Karlijn: Yeah, it’s a combination. So I’m not, I’m not like a brand marketeer per se, but what a lot of people say of course, and what makes it special is that all products are designed by ourselves. So compared to other department store, I think that makes it special. So design is at the core of our company. So and also making things for people that love with a lot of quirkiness and also really the Dutch design that’s added to it being a lot of brands Heroes, I sort of talk to you shared with you about a few items that we have, like our famous pastry, the Tompouce with a nice pink layer, which of course is nice to put on a lot of products. But we also have Takkie a dog. It’s part of a famous story in, in the Netherlands. So we have a lot of things that people are adoring. And I think that that’s pieces of the design that makes people want the products. And also when you enter to start at that feeling of that, everything fits together. So we, we have a lot of trends stored in the same design or the same color. So it’s really a relaxed atmosphere if you enter and then you start like looking at things. Yeah, seasonal products that really make you feel you want it. Yeah, yeah. That’s so it’s the product at the core we design. OK, we’re also putting that back into the strategy. So our latest TV commercials are really showing how we design products also to make them last longer. Of course, in our sustainability story to show that’s really knowing how people use products and can make it better but also more sustainable. Oh yeah. That combination is, is great. And indeed the heritage, like you said, no different from the past. Yeah, the combination makes it maybe that people are so in love with the brands and probably a lot of extra things. That is really hard to grasp.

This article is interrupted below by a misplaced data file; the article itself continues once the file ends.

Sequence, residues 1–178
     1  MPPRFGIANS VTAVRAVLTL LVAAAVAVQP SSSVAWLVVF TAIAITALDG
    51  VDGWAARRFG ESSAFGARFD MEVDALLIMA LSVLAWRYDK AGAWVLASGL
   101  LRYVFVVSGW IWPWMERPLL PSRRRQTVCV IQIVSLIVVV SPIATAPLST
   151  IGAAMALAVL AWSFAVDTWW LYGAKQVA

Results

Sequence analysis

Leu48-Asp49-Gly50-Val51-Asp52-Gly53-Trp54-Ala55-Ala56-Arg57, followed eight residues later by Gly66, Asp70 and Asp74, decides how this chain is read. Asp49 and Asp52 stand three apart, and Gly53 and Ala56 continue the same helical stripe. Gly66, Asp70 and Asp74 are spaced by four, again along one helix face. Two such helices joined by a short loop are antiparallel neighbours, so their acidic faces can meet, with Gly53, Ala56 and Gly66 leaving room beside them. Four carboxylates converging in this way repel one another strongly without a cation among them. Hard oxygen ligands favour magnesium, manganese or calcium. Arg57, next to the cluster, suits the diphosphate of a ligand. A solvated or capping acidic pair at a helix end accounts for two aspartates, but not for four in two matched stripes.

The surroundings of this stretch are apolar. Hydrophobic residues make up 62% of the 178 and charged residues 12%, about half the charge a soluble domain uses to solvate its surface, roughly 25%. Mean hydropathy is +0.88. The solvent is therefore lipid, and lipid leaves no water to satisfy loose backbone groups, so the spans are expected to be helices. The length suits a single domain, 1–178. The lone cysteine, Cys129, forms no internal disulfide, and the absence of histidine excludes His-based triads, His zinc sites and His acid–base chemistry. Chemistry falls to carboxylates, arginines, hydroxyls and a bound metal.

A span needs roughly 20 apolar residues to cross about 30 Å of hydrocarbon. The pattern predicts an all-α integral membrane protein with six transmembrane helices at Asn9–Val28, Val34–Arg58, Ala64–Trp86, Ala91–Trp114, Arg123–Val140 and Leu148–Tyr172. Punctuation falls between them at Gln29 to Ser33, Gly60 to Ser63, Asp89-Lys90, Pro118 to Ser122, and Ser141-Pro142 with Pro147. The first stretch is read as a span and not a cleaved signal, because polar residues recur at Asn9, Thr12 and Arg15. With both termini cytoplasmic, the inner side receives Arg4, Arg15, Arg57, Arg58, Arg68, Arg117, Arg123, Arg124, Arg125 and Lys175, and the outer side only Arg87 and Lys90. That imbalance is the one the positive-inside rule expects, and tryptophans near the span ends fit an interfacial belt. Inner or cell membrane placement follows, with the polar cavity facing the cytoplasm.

Paula: It. Totally. And I was about to agree with you. Like, I’m not a brand marketer either, but what I can see, you know, is the esthetic and the design and the consistency actually. So we’ll obviously link to too that the HEMA website in the show notes. And for anyone just interested in listening, it’s HEMA. So I would have pronounced that schema until we met, but HEMA is the correct pronunciation. There is a beautiful simplicity, actually, about the whole brands. And I, you know, I did actually a previous podcast early on, the role of simplicity and driving loyalty. So whereas it’s probably hard to measure, probably hard to prove. I fundamentally, again, as a human being, I believe that when you make things very simple for people and they just build up that understanding of what it is you’re offering. So yes, loyalty programs have a role to play and again, we’ll get into that now. But I definitely think those the core values that I saw on your website in terms of the wording. So again, I suppose back to brand intention, like your website talks about optimism, uniqueness, and accessibility in terms of pricing. So again, I think that comes through in terms of the design and the esthetic of everything that HEMA’s doing.